Fed Sees Stronger Economy, Three Rate Cuts This Year

Fed Sees Stronger Economy, Three Rate Cuts This Year

At the conclusion of its March meeting on Wednesday, the Federal Reserve announced that it will hold its benchmark overnight borrowing rate in a range between 5.25% and 5.5%. The widely anticipated decision means that rates will stay at the multi-decade high reached in July 2023 for at least another six weeks.

In a statement, the Federal Open Market Committee said it did “not expect it will be appropriate to reduce the target range until it has gained greater confidence that inflation is moving sustainably toward 2 percent.”

Still, members of the FOMC indicated that they expect to cut rates three times this year, for a total cut of 0.75 percentage points. Their projections show a higher rate of growth for the economy in 2024 – GDP growth of 2.1%, up from the 1.4% estimate in December – and slightly higher interest rates over time, with the long-term “neutral rate” settling at 2.6%, one-tenth of a point higher than previously estimated. Inflation, too, is seen as staying a bit higher, with officials projecting a core inflation rate of 2.6% by the end of 2024, up from the 2.4% estimate previously.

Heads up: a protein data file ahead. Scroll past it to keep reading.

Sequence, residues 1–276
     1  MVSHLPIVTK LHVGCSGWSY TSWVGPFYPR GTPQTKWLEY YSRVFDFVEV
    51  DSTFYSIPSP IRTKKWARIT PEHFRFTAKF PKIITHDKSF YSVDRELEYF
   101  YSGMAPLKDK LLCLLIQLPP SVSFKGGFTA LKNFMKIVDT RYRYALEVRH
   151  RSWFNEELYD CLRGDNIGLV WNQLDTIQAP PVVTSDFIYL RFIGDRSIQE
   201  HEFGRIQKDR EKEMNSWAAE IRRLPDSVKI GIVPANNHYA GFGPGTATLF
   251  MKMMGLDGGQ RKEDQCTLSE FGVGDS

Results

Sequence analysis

Speaking to reporters after the FOMC announcement, Fed Chair Jerome Powell said he thinks the central bank is making “good progress” in bringing inflation back down to its 2% target, while noting that any future changes in policy will depend on data. “We believe that our policy rate is likely at its peak for this type of cycle, and that if the economy evolves broadly as expected, it will likely be appropriate to begin dialing back policy restraint at some point this year,” he said. “We are prepared to maintain the current target range for the federal funds rate for longer if appropriate.”

Asked about two recent hotter-than-expected inflation readings, Powell said he thinks they “haven’t really changed the overall story, which is that of inflation moving down gradually on a sometimes bumpy road towards 2%.”

The bottom line: The outlook looks much the same as it did before the Fed’s highly anticipated announcement, though with a bit more of everything, especially economic growth. Fed officials don’t see anything that would interfere with the “soft landing” scenario of declining inflation and no recession.

If you put any faith in the stock market as an indicator, Wall Street traders certainly liked what they heard. The prospect of continued economic growth with no new worries about inflation helped push stocks sharply higher, with the S&P 500 climbing above 5,200 and the Dow Jones Industrials Average rising to a record high over 39,500.